Skip to main content

Things get messy in Dceased: Dead Planet #3 preview

(Image credit: DC)

Writer Tom Taylor's other digital-first DC series DCeased: Dead Planet put its second issue on sale this week, so that means it's time for the publisher to start previewing the next issue, September 1's DCeased: Dead Planet #3. 

Written by Taylor with art by Trevor Hairsine, Gigi Baldissini, Rain Beredo, and Saida Temofonte plus covers by David Finch, Francesco Mattina, and a movie homage variant cover by Ben Oliver, in DCeased: Dead Planet #3, "a mysterious second 'garden' has been located on the other side of the planet, and John Constantine and Swamp Thing lead a mission to investigate...but what they discover will fundamentally change everything! The road to 'Earth War' begins!"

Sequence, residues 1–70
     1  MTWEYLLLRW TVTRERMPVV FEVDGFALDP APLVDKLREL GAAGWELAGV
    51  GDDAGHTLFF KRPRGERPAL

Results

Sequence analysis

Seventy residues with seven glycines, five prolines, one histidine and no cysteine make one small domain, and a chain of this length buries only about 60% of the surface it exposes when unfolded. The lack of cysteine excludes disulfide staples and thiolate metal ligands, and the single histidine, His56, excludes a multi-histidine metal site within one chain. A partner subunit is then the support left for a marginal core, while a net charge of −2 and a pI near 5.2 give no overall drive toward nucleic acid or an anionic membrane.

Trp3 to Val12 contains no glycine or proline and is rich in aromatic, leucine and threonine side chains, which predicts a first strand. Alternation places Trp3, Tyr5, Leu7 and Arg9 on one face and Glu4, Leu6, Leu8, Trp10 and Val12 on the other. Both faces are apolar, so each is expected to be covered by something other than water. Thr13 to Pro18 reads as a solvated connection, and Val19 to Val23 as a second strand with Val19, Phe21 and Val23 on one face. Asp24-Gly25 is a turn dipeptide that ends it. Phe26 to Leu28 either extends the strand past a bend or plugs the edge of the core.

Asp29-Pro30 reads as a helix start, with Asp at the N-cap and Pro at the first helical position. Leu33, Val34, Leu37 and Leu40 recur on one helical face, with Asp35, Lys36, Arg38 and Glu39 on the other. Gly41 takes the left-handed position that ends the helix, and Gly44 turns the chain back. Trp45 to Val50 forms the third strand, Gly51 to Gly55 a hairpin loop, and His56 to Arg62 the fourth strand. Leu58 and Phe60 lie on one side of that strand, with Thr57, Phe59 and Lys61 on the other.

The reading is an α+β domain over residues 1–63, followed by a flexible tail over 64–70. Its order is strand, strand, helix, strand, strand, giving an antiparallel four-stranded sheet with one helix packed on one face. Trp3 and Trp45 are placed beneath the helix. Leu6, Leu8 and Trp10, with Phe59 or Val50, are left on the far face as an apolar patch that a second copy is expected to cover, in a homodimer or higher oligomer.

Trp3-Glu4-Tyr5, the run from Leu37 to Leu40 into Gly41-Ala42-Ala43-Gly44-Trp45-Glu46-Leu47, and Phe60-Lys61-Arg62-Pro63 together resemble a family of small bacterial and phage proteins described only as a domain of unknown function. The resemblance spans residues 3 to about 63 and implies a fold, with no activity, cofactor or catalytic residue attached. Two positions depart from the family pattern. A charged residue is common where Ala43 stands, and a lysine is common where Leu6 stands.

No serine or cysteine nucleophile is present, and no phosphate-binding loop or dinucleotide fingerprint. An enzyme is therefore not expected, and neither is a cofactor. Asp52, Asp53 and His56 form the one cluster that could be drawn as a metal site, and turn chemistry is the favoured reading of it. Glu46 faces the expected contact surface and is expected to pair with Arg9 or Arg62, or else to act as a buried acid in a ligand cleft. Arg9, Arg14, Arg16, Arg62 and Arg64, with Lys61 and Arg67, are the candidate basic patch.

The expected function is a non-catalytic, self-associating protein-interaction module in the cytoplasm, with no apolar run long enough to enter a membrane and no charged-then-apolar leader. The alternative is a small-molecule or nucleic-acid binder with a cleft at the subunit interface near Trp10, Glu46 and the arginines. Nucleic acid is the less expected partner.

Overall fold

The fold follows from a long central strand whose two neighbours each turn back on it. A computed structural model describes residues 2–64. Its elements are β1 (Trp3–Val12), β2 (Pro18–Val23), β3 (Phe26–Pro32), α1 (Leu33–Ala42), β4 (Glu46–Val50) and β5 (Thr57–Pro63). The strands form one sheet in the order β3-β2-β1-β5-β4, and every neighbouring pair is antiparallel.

Here's a look at those preview images from next month's Dead Planet #3:

Image 1 of 7

(Image credit: DC)
Image 2 of 7

(Image credit: DC)
Image 3 of 7

(Image credit: DC)
Image 4 of 7

(Image credit: DC)
Image 5 of 7

(Image credit: DC)
Image 6 of 7

(Image credit: DC)
Image 7 of 7

(Image credit: DC)

For readers who haven't checked out the first issues yet, Best Shots review of DCeased: Dead Planet #1 suggests the new series "might even be better than the first series."

"For the more genre-savvy among us, it'd be easy to express skepticism about DCeased: Dead Planet — not only have we seen team-ups starring new generations of Superman, Batman, and Wonder Woman before, but more importantly, why would these characters who barely survived the first series tempt fate by ever returning to this cursed planet of Anti-Life-infected metahumans?" reads the review.

"Without spoiling too much of this series' big twist, Taylor elegantly lays out a perfect reason why — because heroes don't leave behind friends in need. He illustrates this through the lenses of several characters, but in particular, Taylor's counterpoints between new Superman Jon Kent and the reluctant Green Arrow work double-time by not only justifying the series as a whole, but making us feel something for these characters and their innate goodness, even in the face of almost hilariously bad odds."